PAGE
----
By Anes Alic
Ticker: Just a few years back, the U.S. shale industry was drowning in a sea of hubris, with pompous experts making outrageous claims such as the Permian Shale is a near-infinite resource thanks to the basin’s explosive production growth in the latter half of the last decade.
Investors are now learning the hard way that the key to prognostication is to sound certain even when you know very little.
Analysts and investors who still harbor the “Too Big to Fail” mentality as far as U.S. shale is concerned are, sadly, mired in a depressing cognitive dissonance. The signs of the time are everywhere, and the question is no longer whether shale production can continue indefinitely but rather how much longer before it finally gives out.
One big investor has a rather depressing answer to the latter.
Adam Waterous, CEO at Waterous Energy Fund, says US shale production will peak in 2020 and then begin a steep decline thereafter. He argues that the financial position of Permian oil has clearly become untenable and production is much closer to peaking than many current forecasts suggest.
Waterous has told Bloomberg that few investors are still eager to touch the sector after nearly a decade of underperformance, including negative free cash flow and disappointing returns.
He certainly has a valid point.
Steve Schlotterbeck, former CEO of the largest natural gas producer EQT, claims the average shale company has destroyed 80% of shareholder value (excluding capital) over the past decade. The US energy sector has emerged as the worst performer over the timeframe, with its weighting in the S&P 500 falling from 13% at the peak of the shale boom to just 4% currently–unmistakable signs of capital flight.
Meanwhile, bankruptcies in the sector have soared, with the total number that have gone under since 2015 clocking in at more than 200, including high-profile ones such as Chesapeake Energy, Sanchez Energy and Halcon Resources.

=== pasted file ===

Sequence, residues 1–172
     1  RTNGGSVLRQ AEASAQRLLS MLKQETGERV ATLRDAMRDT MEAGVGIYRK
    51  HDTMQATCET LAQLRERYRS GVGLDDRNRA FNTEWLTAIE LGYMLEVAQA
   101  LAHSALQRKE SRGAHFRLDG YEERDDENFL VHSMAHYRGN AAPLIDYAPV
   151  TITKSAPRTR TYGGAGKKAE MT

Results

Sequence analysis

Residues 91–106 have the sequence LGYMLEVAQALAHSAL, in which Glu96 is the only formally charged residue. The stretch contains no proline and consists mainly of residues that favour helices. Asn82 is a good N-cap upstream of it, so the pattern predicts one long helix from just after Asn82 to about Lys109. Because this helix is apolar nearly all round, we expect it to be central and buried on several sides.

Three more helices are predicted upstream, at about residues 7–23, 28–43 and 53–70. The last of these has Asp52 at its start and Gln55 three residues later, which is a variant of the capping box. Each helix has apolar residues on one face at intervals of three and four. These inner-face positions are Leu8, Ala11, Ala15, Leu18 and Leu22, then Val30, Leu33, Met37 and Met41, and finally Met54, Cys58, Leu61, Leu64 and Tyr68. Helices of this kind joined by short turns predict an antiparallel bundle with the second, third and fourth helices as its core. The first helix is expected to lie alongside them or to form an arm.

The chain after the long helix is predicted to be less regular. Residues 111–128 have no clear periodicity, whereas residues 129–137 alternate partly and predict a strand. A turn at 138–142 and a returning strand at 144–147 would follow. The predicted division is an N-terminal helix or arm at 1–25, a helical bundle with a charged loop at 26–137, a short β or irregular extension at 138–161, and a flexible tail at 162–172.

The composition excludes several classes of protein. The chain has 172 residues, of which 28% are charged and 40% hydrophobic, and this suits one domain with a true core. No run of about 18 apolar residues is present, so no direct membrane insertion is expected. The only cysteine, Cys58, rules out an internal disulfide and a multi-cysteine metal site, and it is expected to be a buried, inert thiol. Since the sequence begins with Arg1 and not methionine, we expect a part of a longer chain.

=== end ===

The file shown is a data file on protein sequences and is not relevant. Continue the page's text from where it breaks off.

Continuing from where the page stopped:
To make matters worse, the fund manager says the usual M&A playbook that smaller producers have increasingly been turning to is a broken model that’s incapable of creating any shareholder value.
Living in Denial
According to Waterous, analysts and investors who don’t believe that the shale bust has already begun are going through the first phase of grief: Denial.
Investors who initially thought that the massive structural changes that kicked off about five years ago were merely a cyclical event with the good times set to return will be disappointed to learn that those halcyon days are gone forever. He has observed that many companies are now in the Bargaining phase as they try to operate within existing cash flows.
The good part for investors: Mr. Waterous says in the fifth and final stage, Acceptance, companies will accept that this is the new norm and will start returning cash payouts to shareholders via dividends to allow them to recoup some of their investments.
A handful of companies have arguably reached this stage as the rank of high-dividend payers in the sector keeps swelling.
That handful includes, according to Kiplinger, the likes of Chevron (NYSE:CVX), which has prioritized dividends over stock buybacks, and Valero Energy (NYSE:VLO), which has more than doubled its payout over the past five years. The list also includes ExxonMobil (NYSE:XOM), which Bank of America insists can fund massive expansion at the same time as it increases its dividend.
Room to Run?
To be fair, Mr. Waterous seems to have vested interests in the shale saga considering that his PE firm has been picking up distressed energy assets on the cheap. Waterous once served as head of investment banking at Bank of Nova Scotia where he had a direct hand in M&A plays that helped reshape the energy sector. He seems to be putting those skills to good use, with his firm buying Pengrowth Energy Corp. in November in a $21 million deal after the company’s shares cratered under a huge debt load.
Certainly not everyone shares Waterous’ “Peak Permian in 2020” view, with BloombergNEF analyst Tai Liu saying the shale oil pessimism is overdone.
Indeed, the general consensus is that the US shale industry still has some room to run, with production in the current year expected to continue to rise, albeit at a slower pace.
Nevertheless, it’s also noteworthy that Waterous is hardly alone in his gloomy shale outlook.
In 2017, Simon Flowers, Chairman and Chief Analyst at Wood Mackenzie, predicted that a slowdown in Permian production would begin in 2021 as drillers hit a cost efficiency ceiling.